In 2008, the California Supreme Court held that non-competition agreements between employers and employees are unenforceable under California law. Edwards v. Arthur Andersen LLP, 44 Cal.4th 937, 945 (2008). The reason being that California public policy and Business and Professions Code section 16600 provide for a broad right for individuals “to pursue any lawful employment and enterprise of their choice” which an employer does not have the right to restrain (except in limited exceptions). Id. at 946-47.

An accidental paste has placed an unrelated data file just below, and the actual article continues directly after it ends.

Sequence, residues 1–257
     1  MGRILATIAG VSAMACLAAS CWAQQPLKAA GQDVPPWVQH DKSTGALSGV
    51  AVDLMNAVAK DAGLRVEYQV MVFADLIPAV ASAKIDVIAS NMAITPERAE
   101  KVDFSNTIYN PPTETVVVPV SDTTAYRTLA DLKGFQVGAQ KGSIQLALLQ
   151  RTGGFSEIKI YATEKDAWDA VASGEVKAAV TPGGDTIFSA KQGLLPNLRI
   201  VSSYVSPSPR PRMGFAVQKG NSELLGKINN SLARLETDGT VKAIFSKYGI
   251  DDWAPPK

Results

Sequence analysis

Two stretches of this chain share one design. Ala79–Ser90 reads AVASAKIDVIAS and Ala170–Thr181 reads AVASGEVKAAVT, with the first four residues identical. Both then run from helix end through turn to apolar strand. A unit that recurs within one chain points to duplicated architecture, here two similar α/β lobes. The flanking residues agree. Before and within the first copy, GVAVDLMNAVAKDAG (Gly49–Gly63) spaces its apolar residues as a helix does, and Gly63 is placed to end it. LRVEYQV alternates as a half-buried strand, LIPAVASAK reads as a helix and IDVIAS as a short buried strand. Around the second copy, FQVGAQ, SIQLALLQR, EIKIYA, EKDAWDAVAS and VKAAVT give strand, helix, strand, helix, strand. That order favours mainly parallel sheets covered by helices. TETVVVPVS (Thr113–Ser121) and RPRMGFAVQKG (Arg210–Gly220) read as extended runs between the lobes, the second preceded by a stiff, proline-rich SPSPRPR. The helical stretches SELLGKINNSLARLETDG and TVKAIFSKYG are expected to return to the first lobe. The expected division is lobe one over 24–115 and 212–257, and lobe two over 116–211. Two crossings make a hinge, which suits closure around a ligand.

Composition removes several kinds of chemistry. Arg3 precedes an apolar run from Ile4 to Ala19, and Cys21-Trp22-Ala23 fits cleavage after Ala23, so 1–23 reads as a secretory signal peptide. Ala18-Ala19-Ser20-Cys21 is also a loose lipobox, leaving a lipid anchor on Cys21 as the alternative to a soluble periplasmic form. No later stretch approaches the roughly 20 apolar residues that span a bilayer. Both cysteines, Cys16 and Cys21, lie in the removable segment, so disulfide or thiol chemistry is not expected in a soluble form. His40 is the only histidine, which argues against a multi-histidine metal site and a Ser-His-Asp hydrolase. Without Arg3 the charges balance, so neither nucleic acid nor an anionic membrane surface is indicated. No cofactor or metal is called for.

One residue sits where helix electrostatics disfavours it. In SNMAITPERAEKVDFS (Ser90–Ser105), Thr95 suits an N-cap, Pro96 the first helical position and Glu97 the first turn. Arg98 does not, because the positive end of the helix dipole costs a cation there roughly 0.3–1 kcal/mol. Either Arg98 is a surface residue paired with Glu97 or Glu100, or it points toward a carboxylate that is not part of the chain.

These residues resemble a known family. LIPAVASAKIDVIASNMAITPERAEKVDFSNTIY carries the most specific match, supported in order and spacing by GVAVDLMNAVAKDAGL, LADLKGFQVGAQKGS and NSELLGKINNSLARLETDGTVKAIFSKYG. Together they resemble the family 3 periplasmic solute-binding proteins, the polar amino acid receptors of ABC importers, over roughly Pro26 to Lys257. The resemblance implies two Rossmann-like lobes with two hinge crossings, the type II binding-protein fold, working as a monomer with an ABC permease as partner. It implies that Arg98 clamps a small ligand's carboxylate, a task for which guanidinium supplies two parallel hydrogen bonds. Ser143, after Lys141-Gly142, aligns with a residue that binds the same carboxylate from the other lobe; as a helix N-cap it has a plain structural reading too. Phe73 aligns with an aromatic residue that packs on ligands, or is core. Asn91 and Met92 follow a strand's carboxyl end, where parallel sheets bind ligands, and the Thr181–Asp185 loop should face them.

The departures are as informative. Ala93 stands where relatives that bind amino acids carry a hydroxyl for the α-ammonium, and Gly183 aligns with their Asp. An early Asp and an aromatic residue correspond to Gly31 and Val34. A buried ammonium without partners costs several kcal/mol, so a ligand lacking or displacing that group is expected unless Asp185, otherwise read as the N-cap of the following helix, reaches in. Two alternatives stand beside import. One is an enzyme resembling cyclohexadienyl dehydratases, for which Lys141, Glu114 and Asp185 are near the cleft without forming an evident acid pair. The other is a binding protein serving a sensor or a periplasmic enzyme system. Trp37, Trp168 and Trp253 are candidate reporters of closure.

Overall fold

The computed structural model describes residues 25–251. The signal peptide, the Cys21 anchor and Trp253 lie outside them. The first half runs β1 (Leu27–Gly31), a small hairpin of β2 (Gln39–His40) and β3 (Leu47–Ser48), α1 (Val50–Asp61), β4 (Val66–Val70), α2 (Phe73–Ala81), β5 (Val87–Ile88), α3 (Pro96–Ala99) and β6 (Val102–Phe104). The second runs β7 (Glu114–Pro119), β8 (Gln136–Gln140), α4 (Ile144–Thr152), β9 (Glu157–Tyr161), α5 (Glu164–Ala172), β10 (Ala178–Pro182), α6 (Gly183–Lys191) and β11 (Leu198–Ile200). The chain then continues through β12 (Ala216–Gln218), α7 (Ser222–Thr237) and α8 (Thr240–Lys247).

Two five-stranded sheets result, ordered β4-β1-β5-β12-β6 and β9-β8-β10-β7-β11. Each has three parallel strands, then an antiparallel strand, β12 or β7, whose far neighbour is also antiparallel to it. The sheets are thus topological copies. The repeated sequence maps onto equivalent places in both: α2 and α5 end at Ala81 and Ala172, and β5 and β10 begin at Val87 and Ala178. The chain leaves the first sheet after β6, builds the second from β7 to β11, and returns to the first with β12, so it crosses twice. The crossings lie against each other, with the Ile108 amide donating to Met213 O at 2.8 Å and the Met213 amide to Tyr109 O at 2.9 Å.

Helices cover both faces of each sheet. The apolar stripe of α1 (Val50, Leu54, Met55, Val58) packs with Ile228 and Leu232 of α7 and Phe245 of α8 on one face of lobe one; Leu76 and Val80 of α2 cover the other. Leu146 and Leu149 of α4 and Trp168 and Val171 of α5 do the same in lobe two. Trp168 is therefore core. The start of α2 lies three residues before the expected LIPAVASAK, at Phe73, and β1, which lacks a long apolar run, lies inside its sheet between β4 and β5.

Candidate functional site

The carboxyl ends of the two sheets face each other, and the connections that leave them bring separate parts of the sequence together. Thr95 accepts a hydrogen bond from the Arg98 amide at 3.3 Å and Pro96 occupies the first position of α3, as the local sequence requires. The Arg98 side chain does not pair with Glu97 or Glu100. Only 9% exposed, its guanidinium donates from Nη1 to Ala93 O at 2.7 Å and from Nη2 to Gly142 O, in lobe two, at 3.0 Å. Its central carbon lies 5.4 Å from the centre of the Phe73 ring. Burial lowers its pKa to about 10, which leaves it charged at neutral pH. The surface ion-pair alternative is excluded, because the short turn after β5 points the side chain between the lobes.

However, the law is not clear as to whether this applies to such agreements between businesses. In the case of Ixchel Pharma v. Biogen, 930 F.3d 1031 (9th Cir 2019), the U.S. Court of Appeals for the Ninth Circuit asked the California Supreme Court to answer one of two questions to clarify this point:
Does section 16600 of the California Business and Professions Code void a contract by which a business is restrained from engaging in a lawful trade or business with another business?
Although we have yet to receive the answer from the California Supreme Court, the answer to this question may directly effect the legality of existing non-competition agreements, as well as provide guidance on negotiations between businesses in the future.